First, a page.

Why 3D Printing (.com) Sold for $33,000 (And Why YOUR 3D Domains Are Pigeon Shit)

There is a lively thread about 3D domains over at A poster named "3D Domain Names" takes issue with some of my comments about 3D domain names. He asks: "Owen, do you know anything at all about the Internet or search? Do you think only Fortune 500 domain names are needed? Obviously 3D has not read my book nor any of the 7,000 posts on this blog, among them advice on how to buy a domain name from Frank Schilling. Why do you think he is leaving these "prizes" to you?

3D, what I do know is that billions of dollars have been spent registering domain names on speculation, many inspired by the fever that builds from a thread like the one on thedomains 3D post. Some guys like Stephen Douglas and Mike Berkens know what they are doing. But most others (like the 90% that posted those pigeon shit domains on Mike's thread for sale) don't. And like 90% of the billions of domains registered on speculation, you will lose all your money and all your future. I did it myself and have seen it done time and time again. In fact, all the emails I get everyday bragging about domains and asking for my help are so painful because the domains are so bad, I can't even open the mail any more because it makes me cry. Do me a favor, listen to MORGAN.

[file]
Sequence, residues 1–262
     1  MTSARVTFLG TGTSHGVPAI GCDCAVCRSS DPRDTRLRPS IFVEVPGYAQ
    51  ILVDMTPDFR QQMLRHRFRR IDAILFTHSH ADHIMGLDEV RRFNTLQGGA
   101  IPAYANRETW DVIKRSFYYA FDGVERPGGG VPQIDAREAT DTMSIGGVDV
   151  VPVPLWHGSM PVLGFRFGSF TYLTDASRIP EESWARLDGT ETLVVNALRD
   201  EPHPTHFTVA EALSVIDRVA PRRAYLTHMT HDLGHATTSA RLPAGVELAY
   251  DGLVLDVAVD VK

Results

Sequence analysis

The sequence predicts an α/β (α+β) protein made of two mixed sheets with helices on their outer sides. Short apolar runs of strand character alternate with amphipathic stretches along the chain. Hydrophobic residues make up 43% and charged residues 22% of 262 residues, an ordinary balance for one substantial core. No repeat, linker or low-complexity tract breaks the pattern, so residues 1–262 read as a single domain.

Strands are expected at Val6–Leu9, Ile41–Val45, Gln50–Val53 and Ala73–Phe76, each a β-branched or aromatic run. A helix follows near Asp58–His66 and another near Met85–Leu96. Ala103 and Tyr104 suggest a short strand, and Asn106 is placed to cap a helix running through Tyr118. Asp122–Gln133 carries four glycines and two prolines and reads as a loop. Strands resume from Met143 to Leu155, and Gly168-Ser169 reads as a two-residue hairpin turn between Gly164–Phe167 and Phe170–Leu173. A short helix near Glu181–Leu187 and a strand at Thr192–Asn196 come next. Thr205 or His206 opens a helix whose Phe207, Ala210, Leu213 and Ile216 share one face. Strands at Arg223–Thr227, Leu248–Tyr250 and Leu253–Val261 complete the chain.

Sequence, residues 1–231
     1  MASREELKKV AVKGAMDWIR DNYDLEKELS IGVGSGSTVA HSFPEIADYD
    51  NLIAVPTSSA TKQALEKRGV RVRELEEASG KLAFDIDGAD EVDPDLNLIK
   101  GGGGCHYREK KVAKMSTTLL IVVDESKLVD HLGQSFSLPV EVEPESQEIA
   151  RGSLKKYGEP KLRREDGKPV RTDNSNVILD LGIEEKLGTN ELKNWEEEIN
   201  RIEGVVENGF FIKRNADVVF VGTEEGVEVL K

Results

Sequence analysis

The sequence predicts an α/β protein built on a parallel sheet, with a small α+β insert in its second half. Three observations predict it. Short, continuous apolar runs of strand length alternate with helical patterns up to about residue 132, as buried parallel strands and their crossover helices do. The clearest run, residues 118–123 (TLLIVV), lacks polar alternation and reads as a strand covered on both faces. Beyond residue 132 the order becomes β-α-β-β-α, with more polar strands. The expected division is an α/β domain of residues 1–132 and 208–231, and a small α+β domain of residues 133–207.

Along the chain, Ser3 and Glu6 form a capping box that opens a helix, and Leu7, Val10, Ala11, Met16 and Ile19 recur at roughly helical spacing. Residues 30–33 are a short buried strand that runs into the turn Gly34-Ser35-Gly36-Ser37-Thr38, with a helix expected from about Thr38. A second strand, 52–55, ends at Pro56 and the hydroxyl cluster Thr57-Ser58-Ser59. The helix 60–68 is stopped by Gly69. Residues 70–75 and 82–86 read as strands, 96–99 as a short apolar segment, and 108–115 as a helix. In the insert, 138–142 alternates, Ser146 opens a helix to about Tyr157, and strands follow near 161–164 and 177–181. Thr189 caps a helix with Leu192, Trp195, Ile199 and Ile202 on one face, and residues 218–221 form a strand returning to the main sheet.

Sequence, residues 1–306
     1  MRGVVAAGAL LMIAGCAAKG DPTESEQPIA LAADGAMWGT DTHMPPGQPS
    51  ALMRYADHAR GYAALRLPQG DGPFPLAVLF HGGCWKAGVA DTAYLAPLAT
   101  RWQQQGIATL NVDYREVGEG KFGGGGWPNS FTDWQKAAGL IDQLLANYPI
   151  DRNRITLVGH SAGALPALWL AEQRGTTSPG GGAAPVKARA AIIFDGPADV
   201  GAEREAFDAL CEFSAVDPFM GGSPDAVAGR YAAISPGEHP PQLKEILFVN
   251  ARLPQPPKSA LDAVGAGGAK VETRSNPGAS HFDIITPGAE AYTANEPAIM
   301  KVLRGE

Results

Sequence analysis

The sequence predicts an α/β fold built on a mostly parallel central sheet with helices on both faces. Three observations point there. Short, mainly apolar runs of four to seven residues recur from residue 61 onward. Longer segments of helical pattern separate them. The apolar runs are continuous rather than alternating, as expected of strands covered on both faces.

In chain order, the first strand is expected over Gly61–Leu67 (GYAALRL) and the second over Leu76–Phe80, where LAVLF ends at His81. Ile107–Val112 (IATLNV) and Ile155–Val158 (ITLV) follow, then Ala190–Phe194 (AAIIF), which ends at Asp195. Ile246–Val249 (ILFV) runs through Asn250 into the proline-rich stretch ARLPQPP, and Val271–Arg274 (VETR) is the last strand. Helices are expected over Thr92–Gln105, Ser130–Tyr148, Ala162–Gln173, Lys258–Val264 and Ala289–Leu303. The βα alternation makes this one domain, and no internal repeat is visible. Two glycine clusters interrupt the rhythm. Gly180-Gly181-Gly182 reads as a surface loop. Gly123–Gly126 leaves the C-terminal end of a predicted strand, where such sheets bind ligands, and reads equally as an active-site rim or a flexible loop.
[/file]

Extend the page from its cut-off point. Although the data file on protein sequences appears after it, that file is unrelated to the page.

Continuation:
Meanwhile, for guys that know what they are doing, and how to choose a great domain like, soldier on. Hate me. No one would rather look in the mirror and admit the truth. Via

Brussels store focuses on 3D printed goods

3D printing has appeared on our virtual pages on numerous occasions already — most recently, with MakerBot's CupCake printer — but it was only just recently that we saw the launch of a physical store dedicated to selling 3D printed goods.

.MGX is the design division of rapid prototyping firm Materialise, and late last month, it opened what it calls the world’s first store for 3D printed goods. Located in Brussels’ exclusive Sablon neighbourhood, the .MGX Flagship store is designed to be a place where people can explore the brand's lighting and other collections created through 3D printing. Ultimately, it will also let .MGX showcase new designs and exhibitions from its designers.